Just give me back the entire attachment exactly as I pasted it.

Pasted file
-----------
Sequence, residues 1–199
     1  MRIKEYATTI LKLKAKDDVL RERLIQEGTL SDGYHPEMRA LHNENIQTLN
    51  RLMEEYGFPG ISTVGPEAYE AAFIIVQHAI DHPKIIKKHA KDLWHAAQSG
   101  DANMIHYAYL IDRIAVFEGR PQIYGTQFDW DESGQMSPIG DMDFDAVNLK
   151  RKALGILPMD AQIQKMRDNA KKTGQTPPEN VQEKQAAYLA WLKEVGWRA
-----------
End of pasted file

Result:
Sequence, residues 1–199
     1  MRIKEYATTI LKLKAKDDVL RERLIQEGTL SDGYHPEMRA LHNENIQTLN
    51  RLMEEYGFPG ISTVGPEAYE AAFIIVQHAI DHPKIIKKHA KDLWHAAQSG
   101  DANMIHYAYL IDRIAVFEGR PQIYGTQFDW DESGQMSPIG DMDFDAVNLK
   151  RKALGILPMD AQIQKMRDNA KKTGQTPPEN VQEKQAAYLA WLKEVGWRA